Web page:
The December 2022 issue of IEEE Spectrum is here!

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The "Seismic Shift" in Gaming

Digital distribution is the talk of the gamer cons.

1 min read

Last week, I attended the NY Games conference, where developers talked at lenght about the impact of digital distribution on the industry.  The talk is spreading.  The buzz building for the upcoming London Games Conference has a similar theme, reports Spong.  Speakers are focused on what they call the "seismic shift" at play.

As Spong puts its: "...the conference speakers will reveal that 40 per cent of companies in the sector will also be 'under prepared' for the sheer pace of the digital model's takeover."

What does "under prepared" mean?  We'll have to see.  But most publishers are still operating under the old model of selling huge games on plastic discs.  The future is heading toward the opposite - small games digitally delivered.  This isn't necessarily a bad thing.  If you think about it, some of the most played and enduring games require little bandwidth - Tetris, Scrabble, Bejeweled.  The bigger games can still exist in this ecosytem, but need to be reinvented so that they can be consumed in bite-sized portions. 

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Deep Learning Could Bring the Concert Experience Home

The century-old quest for truly realistic sound production is finally paying off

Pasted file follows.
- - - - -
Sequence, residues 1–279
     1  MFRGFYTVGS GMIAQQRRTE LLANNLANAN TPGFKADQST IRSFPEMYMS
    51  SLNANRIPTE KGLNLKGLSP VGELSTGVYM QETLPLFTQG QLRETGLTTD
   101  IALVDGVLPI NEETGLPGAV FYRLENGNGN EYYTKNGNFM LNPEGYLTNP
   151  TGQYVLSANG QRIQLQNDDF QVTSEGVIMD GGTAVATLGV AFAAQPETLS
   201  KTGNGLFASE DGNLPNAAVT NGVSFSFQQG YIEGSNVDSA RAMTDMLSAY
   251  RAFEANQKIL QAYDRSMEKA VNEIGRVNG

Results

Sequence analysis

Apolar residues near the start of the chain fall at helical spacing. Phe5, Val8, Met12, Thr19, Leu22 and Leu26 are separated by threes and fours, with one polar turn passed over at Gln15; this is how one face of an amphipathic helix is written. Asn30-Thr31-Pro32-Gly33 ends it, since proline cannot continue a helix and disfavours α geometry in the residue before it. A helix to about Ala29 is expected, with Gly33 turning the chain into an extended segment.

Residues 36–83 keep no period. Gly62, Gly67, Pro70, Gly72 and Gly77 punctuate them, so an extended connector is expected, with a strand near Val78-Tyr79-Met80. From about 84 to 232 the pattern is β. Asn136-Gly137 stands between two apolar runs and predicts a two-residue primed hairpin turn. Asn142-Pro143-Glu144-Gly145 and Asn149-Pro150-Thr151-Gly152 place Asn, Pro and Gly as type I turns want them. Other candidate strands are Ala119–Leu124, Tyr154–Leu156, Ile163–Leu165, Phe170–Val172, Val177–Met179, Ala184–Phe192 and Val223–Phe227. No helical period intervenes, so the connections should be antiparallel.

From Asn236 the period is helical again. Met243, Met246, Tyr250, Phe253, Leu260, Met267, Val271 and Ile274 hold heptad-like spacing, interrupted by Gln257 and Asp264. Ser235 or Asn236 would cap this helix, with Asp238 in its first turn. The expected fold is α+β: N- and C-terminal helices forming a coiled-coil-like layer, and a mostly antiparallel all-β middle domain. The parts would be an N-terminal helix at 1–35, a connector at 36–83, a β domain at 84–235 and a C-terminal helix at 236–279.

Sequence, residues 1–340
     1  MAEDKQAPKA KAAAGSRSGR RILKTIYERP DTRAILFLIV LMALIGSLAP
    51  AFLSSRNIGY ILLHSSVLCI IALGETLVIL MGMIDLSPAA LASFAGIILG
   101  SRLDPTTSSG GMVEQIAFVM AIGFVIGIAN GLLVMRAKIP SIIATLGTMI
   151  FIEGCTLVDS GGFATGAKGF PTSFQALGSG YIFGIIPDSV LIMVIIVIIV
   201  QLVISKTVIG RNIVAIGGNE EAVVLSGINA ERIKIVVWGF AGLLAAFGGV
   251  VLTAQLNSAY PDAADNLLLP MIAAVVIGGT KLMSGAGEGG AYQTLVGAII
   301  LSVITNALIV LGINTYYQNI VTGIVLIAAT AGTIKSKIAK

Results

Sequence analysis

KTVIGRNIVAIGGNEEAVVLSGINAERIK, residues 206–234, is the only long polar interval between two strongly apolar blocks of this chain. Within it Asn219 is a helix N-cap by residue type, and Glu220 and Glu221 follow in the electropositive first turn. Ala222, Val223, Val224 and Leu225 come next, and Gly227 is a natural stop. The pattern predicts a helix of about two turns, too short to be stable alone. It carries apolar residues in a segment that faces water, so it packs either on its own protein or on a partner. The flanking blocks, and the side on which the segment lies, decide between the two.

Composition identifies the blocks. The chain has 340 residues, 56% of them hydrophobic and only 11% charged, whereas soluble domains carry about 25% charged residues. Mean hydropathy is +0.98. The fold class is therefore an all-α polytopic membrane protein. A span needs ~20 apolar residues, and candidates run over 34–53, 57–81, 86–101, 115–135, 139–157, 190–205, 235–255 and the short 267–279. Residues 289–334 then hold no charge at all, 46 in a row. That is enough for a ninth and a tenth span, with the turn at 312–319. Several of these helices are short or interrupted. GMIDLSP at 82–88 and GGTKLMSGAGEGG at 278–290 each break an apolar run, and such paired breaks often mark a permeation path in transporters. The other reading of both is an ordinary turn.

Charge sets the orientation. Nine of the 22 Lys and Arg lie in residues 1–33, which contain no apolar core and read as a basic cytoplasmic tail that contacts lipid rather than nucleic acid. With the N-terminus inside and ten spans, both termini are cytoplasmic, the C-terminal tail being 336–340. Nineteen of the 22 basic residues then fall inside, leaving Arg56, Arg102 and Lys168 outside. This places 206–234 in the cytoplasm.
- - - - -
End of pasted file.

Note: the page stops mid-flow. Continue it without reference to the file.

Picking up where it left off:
12 min read
Image containing multiple aspects such as instruments and left and right open hands.
Stuart Bradford

Now that recorded sound has become ubiquitous, we hardly think about it. From our smartphones, smart speakers, TVs, radios, disc players, and car sound systems, it’s an enduring and enjoyable presence in our lives. In 2017, a survey by the polling firm Nielsen suggested that some 90 percent of the U.S. population listens to music regularly and that, on average, they do so 32 hours per week.

Behind this free-flowing pleasure are enormous industries applying technology to the long-standing goal of reproducing sound with the greatest possible realism. From Edison’s phonograph and the horn speakers of the 1880s, successive generations of engineers in pursuit of this ideal invented and exploited countless technologies: triode vacuum tubes, dynamic loudspeakers, magnetic phonograph cartridges, solid-state amplifier circuits in scores of different topologies, electrostatic speakers, optical discs, stereo, and surround sound. And over the past five decades, digital technologies, like audio compression and streaming, have transformed the music industry.

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